Award winning R&B/Soul singer-songwriter and multi-instrumentalist Brian McKnight needs no introduction. With over 2 decades in the music industry creating classic hits like ‘Back at One’ and ‘One Last Cry’ and toying with an uncharacteristically explicit number “If You’re Ready to Learn,” in 2012. Earlier this year the singer released a sexy single called “Sweeter” and is currently gearing up for the release of his second offering for the year “4th of July” and his 15th studio album, “More Than Words”.
The forthcoming LP is set to include a collaboration with singer-songwriter Colbie Caillat on the title track and sees the 43-year-old return to the authentic, melodic and lyrical rnb music that his fans have come to know and love him for and what the music business has been missing.
We chat to the New York native about working with his songs, staying relevant and being in love.
So tell me about the new album, who you’ve worked with?
The only people I’ve worked with on this are my sons we have our own production company. We use technology to the fullest, I have my studio in my apartment and they have their studio in their apartment and we have a drop box. When I’m working on something- it’s the weirdest thing because BJ can control my computer from his house so they’ll be times he is on it and my cursor just starts moving and he’ll text me ‘hey man are you on the computer’ I’m like yeah and you’ve just freaked me out there feels like there’s a ghost in the machine. That’s how we work he mixes and masters. But I did duets with each of my sons but other than that its all me.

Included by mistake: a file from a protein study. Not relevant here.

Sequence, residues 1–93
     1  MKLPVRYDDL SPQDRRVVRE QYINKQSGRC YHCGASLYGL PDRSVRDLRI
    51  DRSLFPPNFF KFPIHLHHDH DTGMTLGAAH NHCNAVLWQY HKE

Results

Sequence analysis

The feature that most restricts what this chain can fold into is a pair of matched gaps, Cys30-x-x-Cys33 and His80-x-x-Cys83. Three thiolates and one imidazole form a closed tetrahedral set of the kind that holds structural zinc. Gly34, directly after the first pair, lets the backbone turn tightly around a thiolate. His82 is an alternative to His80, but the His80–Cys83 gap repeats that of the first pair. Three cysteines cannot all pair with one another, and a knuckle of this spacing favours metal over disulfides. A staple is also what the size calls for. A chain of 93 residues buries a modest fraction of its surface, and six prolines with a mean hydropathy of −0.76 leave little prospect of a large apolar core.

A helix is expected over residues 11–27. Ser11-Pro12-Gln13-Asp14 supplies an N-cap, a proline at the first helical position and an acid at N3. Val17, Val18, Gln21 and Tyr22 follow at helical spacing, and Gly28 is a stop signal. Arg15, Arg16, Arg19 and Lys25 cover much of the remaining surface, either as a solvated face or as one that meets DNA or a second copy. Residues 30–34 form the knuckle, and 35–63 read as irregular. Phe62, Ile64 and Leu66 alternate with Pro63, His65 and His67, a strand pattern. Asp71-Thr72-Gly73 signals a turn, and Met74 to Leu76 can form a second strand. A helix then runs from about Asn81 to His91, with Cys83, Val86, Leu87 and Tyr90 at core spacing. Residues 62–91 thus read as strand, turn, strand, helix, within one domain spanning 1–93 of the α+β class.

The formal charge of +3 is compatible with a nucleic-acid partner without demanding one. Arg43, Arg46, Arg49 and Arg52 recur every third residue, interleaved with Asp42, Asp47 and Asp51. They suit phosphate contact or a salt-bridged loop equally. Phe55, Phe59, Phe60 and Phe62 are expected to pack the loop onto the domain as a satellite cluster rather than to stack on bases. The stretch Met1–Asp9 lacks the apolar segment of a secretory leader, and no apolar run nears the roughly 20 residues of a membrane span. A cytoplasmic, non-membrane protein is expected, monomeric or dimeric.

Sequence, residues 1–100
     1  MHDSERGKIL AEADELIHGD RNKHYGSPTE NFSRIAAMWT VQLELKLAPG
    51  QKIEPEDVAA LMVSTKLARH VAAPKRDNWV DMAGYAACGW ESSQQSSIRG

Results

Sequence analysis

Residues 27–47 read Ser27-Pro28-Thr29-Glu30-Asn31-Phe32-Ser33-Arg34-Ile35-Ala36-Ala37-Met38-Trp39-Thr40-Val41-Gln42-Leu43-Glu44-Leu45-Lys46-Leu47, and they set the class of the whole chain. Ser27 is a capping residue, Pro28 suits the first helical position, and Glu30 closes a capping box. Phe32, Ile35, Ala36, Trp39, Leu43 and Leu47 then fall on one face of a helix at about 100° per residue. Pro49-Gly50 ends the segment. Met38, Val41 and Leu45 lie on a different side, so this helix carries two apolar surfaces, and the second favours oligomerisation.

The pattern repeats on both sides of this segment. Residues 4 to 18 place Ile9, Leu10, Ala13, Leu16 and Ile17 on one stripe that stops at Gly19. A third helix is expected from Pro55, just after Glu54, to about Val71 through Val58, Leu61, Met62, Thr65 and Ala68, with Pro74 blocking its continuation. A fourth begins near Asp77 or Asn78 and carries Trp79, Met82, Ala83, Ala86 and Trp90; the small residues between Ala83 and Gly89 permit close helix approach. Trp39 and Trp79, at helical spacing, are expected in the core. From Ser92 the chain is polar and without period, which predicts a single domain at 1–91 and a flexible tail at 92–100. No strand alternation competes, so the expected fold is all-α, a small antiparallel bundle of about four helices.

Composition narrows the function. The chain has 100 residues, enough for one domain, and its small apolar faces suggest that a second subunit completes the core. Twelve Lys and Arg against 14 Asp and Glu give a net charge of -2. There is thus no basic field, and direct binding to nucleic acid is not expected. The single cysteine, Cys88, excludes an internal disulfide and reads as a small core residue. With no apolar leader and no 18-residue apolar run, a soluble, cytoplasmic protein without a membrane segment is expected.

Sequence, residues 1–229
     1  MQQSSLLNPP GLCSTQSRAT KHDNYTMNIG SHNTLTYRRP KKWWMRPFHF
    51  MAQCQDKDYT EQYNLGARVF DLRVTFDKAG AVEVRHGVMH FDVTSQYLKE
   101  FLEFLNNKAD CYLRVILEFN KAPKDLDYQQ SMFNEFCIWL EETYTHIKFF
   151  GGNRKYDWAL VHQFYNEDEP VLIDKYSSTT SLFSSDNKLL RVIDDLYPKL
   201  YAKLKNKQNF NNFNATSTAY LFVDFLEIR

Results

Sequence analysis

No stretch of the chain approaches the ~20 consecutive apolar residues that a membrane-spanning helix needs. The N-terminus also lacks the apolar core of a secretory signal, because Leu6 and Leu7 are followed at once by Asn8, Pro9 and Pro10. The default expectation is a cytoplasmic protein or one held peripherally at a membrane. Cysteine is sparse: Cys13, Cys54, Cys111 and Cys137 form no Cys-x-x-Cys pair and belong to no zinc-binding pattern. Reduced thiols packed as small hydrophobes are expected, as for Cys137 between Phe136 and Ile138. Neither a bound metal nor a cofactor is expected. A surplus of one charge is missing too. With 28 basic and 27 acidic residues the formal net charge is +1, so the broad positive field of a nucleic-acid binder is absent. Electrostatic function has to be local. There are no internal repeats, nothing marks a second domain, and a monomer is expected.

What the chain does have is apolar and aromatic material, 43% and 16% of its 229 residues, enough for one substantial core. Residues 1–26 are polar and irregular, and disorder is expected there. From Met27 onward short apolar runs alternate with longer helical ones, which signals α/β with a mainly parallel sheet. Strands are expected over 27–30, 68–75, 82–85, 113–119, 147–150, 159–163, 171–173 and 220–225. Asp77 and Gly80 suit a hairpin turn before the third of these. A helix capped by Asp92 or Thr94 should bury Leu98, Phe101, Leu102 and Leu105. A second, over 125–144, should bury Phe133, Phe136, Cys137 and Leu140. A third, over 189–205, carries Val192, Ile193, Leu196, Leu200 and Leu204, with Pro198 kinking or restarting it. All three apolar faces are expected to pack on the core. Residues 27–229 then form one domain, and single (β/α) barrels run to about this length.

So how is it working with your sons? Did they always want to get into the music industry?
Yeah they’ve been with me on tour and have been doing music with me for about four five years now. So it’s not a new thing its just that these last two records have been well actually 3 exclusively with the three of us .
You’ve been in the industry for so many years now where do all the ideas come from?
I live my life the people I’ve come in contact with more specifically the women I am dealing with at the time are the vessels by which I get my inspiration and I didn’t really realise that until recently when I decided that I didn’t want to be in the relationship I was in. I decided that I’m just going to be honest for the first time in my life and then I realised the reason why I have done so much of that is because when there’s no songs inside of them I’m on to the next one which is no different to the other creative people I know so this is not a new thing I just live my life and then eventually all those situations come out in the song.
Many people say that Soul and R&B music are dead! How do you feel about that?
I believe that is the truth I think the music of today should have a different name but I think what happens is that if you are Black and you sing its automatically bumped into a R&B category and most people couldn’t tell you what R&B is. So I think that with most of this music or whatever it is I think they should just have a different name for it you know whether it is ‘Hip-Hop something’ or I don’t know but they just seem to lump it into R&B. R&B in itself is probably dead in its self from that stand point its not in its not in the forth front, when its not in the fourth front then its dead. This is the music people still pay to come and see so I don’t know how dead that is but it allows me to continue to live the life that I am so we’ll see- maybe its making a come back we’ll see.
Are there any artists that you’re feeling at the moment?